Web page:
What is our problem with Brian?
Brian De Palma is one of the best directors to emerge from the New Hollywood rejuvenation of the 1970s yet still he seems to be treated like an errant little brother who refuses to shut up and leave the train set alone. Perhaps it is the broadly drawn characters, the refusal to be constrained by realism, the joy in playing with the possibilities of cinema. His career may be patchy but anybody who has made Greetings, Carrie, Blow Out, Scarface, Carlito’s Way and Redacted deserves some props. The fact is there’s no one else you’d rather direct the prog-rock fandango that is Phantom of the Paradise.
This enterprise is a typically odd one for De Palma. To re-tool the tales of Faust and Phantom of the Opera for the present day (1974) music scene: a world of cut-throat business, screaming fans and gaudy costumes.
Our hero is Winslow, a talented musician who lacks the looks or moves for fame.
Spotted by impresario Swan, Winslow is promised stardom and hands over his grand cantata. That promise broken, Winslow is shut out and pushed into a frenzied spiral of descent with only one destination: Sing Sing. Disfigured by a brutal record industry the spurned artist returns to wreak vengeance on those who mangled his mind, his body, and his musical opus.
William Finley brings gangly abandon to the role of Winslow and emotional weight to his later incarnation as the Phantom. In contrast to this is the casual malevolence of his oppressor, Swan. Played by Paul Williams, the bastard child of Rick Wakeman and Mickey Rooney, Swan is a half-pint with a gallon of ego, exuding creepy power.
Williams also provides the music, an extravagant mix of styles that works particularly well when performed by the charismatic Juicy Fruits or Gerrit Graham’s gloriously camp front man, Beef. Jessica Harper plays the love interest pulled into Swan’s web and her ballads are convincing if dated while anyone who remembers Bugsy Malone will recognise the moments when Williams slips into rinky-dink crooning.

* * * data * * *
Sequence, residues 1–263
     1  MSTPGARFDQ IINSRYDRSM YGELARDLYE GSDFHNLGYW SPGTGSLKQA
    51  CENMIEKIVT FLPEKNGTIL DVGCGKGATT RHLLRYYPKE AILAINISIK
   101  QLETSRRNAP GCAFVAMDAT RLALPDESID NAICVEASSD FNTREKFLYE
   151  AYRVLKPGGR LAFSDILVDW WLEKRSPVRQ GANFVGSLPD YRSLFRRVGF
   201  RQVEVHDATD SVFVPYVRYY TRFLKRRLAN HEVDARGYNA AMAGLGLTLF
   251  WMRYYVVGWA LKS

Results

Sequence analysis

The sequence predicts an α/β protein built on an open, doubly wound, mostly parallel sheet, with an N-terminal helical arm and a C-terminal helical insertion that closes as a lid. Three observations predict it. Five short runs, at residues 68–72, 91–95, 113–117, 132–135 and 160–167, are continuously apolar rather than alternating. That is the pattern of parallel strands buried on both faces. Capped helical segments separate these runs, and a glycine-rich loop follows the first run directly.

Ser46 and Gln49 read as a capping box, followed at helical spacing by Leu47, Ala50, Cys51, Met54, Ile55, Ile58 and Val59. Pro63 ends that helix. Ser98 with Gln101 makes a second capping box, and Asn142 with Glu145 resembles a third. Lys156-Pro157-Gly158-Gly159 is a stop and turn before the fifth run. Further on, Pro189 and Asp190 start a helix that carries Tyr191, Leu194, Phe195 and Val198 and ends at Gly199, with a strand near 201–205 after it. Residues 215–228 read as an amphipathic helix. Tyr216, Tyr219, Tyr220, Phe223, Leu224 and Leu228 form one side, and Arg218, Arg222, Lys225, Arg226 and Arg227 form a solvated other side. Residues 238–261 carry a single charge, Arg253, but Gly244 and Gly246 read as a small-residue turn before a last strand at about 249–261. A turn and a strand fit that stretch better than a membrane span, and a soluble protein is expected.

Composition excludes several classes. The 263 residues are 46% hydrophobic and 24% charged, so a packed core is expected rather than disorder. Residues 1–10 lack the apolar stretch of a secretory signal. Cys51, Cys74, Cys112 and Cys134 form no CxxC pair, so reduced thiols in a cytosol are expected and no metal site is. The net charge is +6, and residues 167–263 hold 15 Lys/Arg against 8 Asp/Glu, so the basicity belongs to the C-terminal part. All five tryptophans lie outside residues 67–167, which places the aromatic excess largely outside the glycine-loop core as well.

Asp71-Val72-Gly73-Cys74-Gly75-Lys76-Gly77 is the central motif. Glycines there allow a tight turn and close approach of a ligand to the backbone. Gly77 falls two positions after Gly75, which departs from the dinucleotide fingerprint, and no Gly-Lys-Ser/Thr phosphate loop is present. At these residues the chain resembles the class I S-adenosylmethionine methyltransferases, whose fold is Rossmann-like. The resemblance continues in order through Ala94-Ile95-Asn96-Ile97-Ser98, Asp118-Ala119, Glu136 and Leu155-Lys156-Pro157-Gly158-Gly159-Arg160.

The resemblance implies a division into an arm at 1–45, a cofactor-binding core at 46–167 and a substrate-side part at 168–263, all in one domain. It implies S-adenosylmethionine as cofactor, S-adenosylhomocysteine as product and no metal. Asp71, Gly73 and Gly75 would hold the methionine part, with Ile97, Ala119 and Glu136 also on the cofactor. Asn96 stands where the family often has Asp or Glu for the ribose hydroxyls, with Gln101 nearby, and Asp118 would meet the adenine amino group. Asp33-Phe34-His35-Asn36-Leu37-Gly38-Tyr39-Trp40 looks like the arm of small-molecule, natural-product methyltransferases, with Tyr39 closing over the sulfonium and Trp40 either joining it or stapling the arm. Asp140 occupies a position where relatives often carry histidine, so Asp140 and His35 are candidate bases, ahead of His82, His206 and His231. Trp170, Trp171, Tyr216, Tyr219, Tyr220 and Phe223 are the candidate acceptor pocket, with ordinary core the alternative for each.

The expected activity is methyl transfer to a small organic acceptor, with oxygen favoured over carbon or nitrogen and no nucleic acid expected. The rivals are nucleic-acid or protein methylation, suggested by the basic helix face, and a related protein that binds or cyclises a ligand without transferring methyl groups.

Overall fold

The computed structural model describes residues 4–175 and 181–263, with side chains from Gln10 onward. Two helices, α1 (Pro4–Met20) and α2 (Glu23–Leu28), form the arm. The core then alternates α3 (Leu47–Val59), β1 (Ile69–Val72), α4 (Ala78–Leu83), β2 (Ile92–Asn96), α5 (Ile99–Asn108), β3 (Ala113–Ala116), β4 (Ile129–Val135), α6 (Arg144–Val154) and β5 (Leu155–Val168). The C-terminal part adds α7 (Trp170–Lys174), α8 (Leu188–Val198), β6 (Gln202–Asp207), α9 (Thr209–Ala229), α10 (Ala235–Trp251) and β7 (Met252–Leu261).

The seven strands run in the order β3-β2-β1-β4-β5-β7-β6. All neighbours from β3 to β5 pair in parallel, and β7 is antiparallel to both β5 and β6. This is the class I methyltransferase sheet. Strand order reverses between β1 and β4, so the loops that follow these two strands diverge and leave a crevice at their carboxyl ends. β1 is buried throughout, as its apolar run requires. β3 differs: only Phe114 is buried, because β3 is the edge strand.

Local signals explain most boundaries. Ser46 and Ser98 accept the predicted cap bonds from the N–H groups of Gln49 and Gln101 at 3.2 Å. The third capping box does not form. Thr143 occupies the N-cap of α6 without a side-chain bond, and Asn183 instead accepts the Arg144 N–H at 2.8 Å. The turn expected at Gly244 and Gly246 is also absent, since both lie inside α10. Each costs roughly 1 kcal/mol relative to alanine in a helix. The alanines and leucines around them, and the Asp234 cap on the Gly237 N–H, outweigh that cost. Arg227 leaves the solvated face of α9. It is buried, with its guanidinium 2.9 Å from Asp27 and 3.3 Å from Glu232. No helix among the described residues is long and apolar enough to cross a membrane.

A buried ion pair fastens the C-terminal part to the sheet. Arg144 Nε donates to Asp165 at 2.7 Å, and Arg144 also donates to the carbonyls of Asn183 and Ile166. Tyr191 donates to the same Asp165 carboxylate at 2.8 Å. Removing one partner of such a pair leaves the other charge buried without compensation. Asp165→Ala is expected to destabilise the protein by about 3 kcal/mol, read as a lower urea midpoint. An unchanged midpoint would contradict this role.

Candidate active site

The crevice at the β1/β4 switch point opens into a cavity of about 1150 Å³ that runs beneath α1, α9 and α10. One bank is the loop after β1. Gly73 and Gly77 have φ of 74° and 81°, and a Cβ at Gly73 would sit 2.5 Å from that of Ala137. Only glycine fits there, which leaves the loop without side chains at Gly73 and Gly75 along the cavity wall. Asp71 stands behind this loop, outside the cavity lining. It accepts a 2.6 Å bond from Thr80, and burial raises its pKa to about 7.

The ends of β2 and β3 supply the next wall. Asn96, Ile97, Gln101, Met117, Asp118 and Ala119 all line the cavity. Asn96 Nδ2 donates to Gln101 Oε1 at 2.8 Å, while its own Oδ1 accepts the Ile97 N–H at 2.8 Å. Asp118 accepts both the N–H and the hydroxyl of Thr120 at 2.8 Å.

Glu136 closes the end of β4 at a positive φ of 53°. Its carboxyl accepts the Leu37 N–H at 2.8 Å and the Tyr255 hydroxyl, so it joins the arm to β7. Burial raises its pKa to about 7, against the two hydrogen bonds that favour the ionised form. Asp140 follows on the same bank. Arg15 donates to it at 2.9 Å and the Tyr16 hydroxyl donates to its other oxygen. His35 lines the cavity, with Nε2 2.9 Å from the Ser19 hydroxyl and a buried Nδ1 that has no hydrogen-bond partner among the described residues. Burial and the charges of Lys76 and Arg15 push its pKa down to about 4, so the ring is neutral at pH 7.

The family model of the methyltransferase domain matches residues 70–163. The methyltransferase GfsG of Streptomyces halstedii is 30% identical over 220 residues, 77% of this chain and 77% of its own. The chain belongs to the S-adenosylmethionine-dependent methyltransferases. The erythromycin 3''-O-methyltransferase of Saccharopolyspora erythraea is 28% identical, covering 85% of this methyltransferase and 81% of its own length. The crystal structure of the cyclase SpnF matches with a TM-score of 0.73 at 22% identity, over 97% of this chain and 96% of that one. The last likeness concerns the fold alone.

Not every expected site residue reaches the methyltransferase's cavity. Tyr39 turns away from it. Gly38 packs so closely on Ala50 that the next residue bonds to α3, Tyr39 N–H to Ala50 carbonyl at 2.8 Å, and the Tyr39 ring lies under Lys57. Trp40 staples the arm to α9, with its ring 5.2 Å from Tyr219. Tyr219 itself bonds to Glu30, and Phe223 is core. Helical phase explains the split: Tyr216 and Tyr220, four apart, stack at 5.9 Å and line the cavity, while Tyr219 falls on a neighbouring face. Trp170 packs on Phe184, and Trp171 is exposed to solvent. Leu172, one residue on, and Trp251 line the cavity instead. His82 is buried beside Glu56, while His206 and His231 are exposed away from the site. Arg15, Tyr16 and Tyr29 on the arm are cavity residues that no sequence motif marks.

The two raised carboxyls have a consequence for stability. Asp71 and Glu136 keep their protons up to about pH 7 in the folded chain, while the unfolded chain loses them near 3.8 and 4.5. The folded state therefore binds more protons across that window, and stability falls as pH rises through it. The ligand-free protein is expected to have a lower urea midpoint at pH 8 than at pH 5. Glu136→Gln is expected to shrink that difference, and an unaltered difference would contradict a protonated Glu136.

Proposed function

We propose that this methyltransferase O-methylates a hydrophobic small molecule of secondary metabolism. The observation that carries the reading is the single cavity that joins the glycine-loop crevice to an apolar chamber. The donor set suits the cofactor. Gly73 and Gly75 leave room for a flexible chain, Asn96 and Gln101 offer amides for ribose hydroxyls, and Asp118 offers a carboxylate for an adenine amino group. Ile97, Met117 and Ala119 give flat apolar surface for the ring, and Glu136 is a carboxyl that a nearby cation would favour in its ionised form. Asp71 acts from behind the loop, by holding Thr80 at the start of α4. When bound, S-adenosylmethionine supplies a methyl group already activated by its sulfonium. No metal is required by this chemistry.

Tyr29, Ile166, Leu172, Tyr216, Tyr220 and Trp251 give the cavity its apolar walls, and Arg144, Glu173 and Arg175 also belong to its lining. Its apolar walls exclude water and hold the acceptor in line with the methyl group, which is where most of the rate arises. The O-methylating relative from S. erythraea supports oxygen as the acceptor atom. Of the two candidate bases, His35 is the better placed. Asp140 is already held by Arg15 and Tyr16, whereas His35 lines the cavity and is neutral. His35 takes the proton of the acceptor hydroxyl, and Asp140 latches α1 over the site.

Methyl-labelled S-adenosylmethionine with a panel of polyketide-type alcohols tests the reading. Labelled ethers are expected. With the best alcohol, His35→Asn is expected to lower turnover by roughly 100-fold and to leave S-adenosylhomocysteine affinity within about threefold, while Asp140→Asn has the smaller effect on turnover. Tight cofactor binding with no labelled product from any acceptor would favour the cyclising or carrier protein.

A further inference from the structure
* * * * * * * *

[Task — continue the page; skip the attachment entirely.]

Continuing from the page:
Histrionics take centre stage here, pushing promising characters into the wings, and bending the plot to fit the tune. But De Palma brilliantly handles the overblown, creating a dizzying blend of prog-rock tragedy with the virtuoso work of Jack Fisk (production design), Larry Pizer (director of photography), and Paul Hisch (editing), making you believe that maybe this is what New York was really like in 1974.
The Blu-ray vividly captures the fantastic visuals and grandiose music that makes this as close to Giallo as American films ever got. Dario Argento would later use Harper in Suspiria, and the feeling lingers that De Palma remains the greatest Italian genre director that never was.
As the extras on this edition detail the film was hampered by a number of lawsuits with the most damaging involving the use of the Swan Song records name (Led Zeppelin got there first) that meant considerable compromise in the final edit (ironic for a film that champions unfettered invention in the face of corporate power). Despite this it remains ripe for re-discovery. Before The Rocky Horror Picture Show, before Little Shop of Horrors, this bombastic melodrama went balls-out in the face of mediocrity.
‘Phantom of the Paradise’ is released on Blu-ray on 24 March